Qualcomm has recently announced two new Wear OS processors – the Snapdragon Wear 4100 Plus and the Snapdragon Wear 4100. These are the first significant updates to the smartwatch since 2018. Qualcomm says that the improved chips will have much higher speed, with a “faster new processor,” and big increases in performance for the memory, camera, GPU, and overall battery life.
Sounds great, of course, but to be honest, Google’s Wear OS really needs this kind of change. The previous significant revision to the Snapdragon Wear lineup (that was the Snapdragon Wear 3100), was in fact a minor improvement to Snapdragon 2100 from 2016. Given that the 2100 and 3100 have the same processor, the introduction of the 4100 means the first speed enhancements for Wear OS in four years.
The most important innovations are in the processor, which is shifting from a 28nm process to a 12nm one. There are four A53 CPU cores clocked at 1.7GHz instead of the 3100’s A7 cores (at only 1.1GHz), which, as Qualcomm claims, should provide more than 85% faster performance. The GPU is now Adreno A504, which is up to 2.5 times faster than in the previous model, together with faster memory.
Qualcomm is approaching the 4100 line differently compared to the previous ones, it’s shipping two SKUs to developers. Their flagship model is the Snapdragon 4100 Plus, which is a hybrid platform with the main SDM429w SoC, together with a modernized version of the always-on QCC1110 co-processor. But if developers don’t want or need those always-on features, Qualcomm will offer a regular Snapdragon Wear 4100 model, which offers the SDM429w SoC.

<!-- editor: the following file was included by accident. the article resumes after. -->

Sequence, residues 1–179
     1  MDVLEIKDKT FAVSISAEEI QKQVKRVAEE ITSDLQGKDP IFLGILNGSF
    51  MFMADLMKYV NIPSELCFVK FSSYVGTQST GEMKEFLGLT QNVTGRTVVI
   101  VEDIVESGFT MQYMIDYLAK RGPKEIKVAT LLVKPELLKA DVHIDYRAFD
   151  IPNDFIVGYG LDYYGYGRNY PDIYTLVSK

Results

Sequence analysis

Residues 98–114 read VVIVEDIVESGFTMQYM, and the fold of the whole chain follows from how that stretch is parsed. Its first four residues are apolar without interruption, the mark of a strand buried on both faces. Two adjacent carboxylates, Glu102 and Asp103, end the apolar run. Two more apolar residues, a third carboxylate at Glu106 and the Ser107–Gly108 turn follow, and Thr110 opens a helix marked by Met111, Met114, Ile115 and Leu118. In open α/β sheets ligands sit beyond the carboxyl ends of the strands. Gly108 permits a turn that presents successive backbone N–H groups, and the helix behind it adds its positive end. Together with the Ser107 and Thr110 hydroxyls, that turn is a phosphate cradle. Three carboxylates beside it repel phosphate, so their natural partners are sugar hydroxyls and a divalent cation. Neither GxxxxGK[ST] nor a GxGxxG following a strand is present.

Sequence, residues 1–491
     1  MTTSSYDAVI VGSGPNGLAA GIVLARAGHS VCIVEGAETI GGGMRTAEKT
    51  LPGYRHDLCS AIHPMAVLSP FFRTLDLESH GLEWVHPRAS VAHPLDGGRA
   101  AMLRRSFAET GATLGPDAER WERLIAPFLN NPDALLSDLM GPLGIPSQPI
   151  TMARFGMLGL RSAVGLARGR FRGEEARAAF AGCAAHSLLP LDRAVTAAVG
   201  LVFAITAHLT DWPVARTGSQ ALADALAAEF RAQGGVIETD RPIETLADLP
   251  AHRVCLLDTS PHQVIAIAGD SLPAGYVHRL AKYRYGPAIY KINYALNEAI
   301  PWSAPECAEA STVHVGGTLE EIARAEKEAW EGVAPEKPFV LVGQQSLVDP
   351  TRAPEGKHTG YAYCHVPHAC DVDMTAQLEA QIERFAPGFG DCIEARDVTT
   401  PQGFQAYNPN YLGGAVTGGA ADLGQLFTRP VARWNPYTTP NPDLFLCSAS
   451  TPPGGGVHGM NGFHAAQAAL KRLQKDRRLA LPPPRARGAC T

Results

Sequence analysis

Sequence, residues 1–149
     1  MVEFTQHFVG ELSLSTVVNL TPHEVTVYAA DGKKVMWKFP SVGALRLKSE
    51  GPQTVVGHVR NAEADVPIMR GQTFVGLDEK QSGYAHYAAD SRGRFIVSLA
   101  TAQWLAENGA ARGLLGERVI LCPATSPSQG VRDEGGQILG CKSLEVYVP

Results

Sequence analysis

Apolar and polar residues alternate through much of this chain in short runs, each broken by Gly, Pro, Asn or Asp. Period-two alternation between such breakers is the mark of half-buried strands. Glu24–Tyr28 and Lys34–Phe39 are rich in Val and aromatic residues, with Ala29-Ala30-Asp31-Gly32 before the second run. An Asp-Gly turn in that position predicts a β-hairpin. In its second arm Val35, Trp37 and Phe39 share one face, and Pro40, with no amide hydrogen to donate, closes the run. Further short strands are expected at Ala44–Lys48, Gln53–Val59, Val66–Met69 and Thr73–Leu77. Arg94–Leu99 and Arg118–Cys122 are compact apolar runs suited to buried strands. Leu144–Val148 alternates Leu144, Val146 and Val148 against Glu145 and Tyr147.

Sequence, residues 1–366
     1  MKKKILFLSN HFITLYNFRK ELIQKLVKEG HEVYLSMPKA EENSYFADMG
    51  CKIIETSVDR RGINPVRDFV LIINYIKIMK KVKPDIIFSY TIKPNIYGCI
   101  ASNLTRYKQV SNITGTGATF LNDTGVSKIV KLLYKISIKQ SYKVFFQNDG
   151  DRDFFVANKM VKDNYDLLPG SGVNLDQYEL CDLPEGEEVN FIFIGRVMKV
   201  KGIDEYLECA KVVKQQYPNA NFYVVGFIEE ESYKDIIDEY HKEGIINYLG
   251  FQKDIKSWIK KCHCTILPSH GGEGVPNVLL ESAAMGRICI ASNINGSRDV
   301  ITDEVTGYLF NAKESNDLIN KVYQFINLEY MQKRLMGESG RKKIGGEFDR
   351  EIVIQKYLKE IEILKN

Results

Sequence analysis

When it comes to the Snapdragon 4100 Plus, the QCC1110 co-processor is also boing improved. It controls the ambient display mode, which is common to many contemporary smartwatches. They can display much more colors (64,000, up from the 16 colors that the 3100 could show), and also support new functions for the “watch mode”; these are things like tracking, constant heart-rate tracking, alarms, etc.
The change to the brand-new 12nm CPU design (as well as more technical developments) also implies that watches with a Snapdragon 4100 should improve the battery life up to 25%.
Qualcomm is now shipping both Wear 4100 and 4100 Plus chipsets to hardware businesses; the first devices are to arrive in the following months. Mobvoi has announced that it’s developing an innovative TicWatch model using the new chips, and Xiaotiancai is working on a version of smartwatch for kids powered by the Wear 4100.
In theory, at least, these are all great improvements for Qualcomm needed to help promote the struggling Wear OS hardware ecosystem.
But the world of smartwatches is really different now compared to 2016. Wear OS is mostly dominated by style brands like Fossil, while the overall smartwatch ecosystem is dominated by Samsung’s Gear line and the Apple Watch.
Google’s eagerness to produce a flagship smartwatch is now up in the air. Their recent statement signified the intends to buy Fitbit for $2.1 billion may be a way for it to enhance its hardware division to produce better Wear OS watches — or it may be for something completely different.
All in all, if we think about new Wear OS software features, the question is whether the new chip is too late for Google’s smartwatch experiment.